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  1. #1
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    Civil Asset Forfeiture

    I was curious if anyone here was willing to take up the Civil Asset Forfeiture defense? AG Holder, to his credit, recently scaled back federal sharing programs that are largely responsible for this program continuing following some pointed questioning by Sen. Mike Lee.

    First a quick primer. Forfeiture is when the government confiscates private property.

    There are, generally, two types of forfeiture. Criminal and Civil. Often when you hear a defense of the latter, it is really a defense of the former, so the distinction is relevant.

    Let’s say that you were to buy a small plot of land and on that land conduct a fraudulent raffle. From the raffle you win $1M. The police catch onto you, arrest you, charge you, you are convicted, and sentenced to say a month in jail. Now of course you don’t get to keep the $1M, that is confiscated (whether it should go to victims rather than police funds could be debated, but it is outside our scope). Usually, you can’t keep the land either, that is confiscated and sold off.

    All well and good. Let’s contrast that to the civil practice.

    You own a business. You generally get about $9000 in revenue a week from the business which you deposit at a small bank. This number is suspiciously close to the $10,000 amount that triggers reporting requirements (that are quite extensive and costly). The IRS notices the pattern and suspects that you are illegally depositing just under the limit to avoid reporting (a crime if that is the intent). They seize your bank account under that suspicion. In order to get the money back, you have to go to court, and you have to prove to the Court’s satisfaction (a burden above preponderance, but below reasonable doubt) that your actions weren’t illegal.

    IE the law enforcement agency suspects you of something, never charges you with a crime, never convicts you, in fact never needs to show any actual probable cause and then, it is your burden to prove you are innocent to get you property back.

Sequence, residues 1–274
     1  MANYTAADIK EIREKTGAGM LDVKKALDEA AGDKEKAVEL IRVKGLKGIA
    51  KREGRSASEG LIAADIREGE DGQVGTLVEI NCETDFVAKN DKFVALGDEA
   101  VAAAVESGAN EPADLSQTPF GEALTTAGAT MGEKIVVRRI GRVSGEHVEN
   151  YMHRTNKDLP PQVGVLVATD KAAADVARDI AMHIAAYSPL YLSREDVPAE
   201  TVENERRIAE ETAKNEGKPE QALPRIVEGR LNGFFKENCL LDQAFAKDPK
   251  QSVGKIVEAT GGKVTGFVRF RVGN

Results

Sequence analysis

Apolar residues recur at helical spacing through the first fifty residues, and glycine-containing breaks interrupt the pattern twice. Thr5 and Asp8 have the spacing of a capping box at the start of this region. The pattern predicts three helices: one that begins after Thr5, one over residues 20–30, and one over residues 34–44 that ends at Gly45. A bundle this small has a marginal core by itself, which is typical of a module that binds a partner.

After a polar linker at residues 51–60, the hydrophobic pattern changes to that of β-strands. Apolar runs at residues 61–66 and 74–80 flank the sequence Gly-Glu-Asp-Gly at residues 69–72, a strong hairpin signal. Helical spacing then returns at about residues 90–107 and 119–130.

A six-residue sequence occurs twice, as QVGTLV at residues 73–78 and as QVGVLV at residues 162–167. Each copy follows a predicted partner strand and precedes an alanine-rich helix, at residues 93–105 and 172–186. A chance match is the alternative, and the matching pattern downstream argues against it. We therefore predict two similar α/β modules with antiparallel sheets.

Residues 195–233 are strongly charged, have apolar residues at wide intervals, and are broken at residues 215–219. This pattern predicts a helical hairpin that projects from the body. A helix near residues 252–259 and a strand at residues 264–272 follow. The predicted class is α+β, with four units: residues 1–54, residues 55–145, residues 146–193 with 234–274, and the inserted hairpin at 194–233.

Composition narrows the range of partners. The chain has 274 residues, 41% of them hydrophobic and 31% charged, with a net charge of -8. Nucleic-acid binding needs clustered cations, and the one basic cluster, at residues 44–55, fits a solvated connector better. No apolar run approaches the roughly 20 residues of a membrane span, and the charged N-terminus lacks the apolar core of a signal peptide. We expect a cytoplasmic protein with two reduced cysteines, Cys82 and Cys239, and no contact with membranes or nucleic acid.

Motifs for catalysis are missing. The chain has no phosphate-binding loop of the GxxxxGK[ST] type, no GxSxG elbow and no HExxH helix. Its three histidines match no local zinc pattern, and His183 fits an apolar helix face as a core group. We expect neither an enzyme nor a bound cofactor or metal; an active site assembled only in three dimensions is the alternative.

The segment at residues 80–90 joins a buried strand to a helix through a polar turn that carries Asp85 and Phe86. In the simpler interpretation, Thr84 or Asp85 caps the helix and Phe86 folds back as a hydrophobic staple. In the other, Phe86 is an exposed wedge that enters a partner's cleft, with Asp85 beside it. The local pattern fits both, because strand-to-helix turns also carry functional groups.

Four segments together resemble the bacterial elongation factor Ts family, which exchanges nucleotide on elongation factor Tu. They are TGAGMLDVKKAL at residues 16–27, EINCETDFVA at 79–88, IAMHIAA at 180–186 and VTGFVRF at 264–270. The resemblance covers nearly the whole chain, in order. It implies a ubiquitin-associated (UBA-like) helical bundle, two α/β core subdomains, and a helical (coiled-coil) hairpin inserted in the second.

That seems at odds with our general judicial philosophy.

    I used that example specifically because it happened. And the DA involved was our proposed new AG. http://www.foxnews.com/politics/2015...ag-pick-lynch/


    Now of course there are some clear objections based on incentives. That police would seek out cases where this is likely and where contesting is low (a couple of famous examples of around a $1000 each being taken from motorists under drug trafficking suspicion, even when no drugs were found) when the result is an increase to their budget (and is often spent, as unobligated funds on station improvements) seems obvious.

    That it fundamentally contradicts American legal tradition and harms people with no legal process is unquestioned.


    So I’m curious, does anyone here actually support these laws?
    "Suffering lies not with inequality, but with dependence." -Voltaire
    "Fallacies do not cease to be fallacies because they become fashions.” -G.K. Chesterton
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  2. #2
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    Re: Civil Asset Forfeiture

    I think there is a bit more to it, reading the actual agreement.

    1. There was a federal warrant for the seizure of the bank account due to reasonable suspicion that the account was being used to commit a federal crime.

    2. The agreement stipulates that one of the reasons the property is being returned is because no criminal suit was brought.

    You can read the agreement here, page 2 has the bit about the warrant.
    http://ij.org/images/pdf_folder/priv...01-20-2015.pdf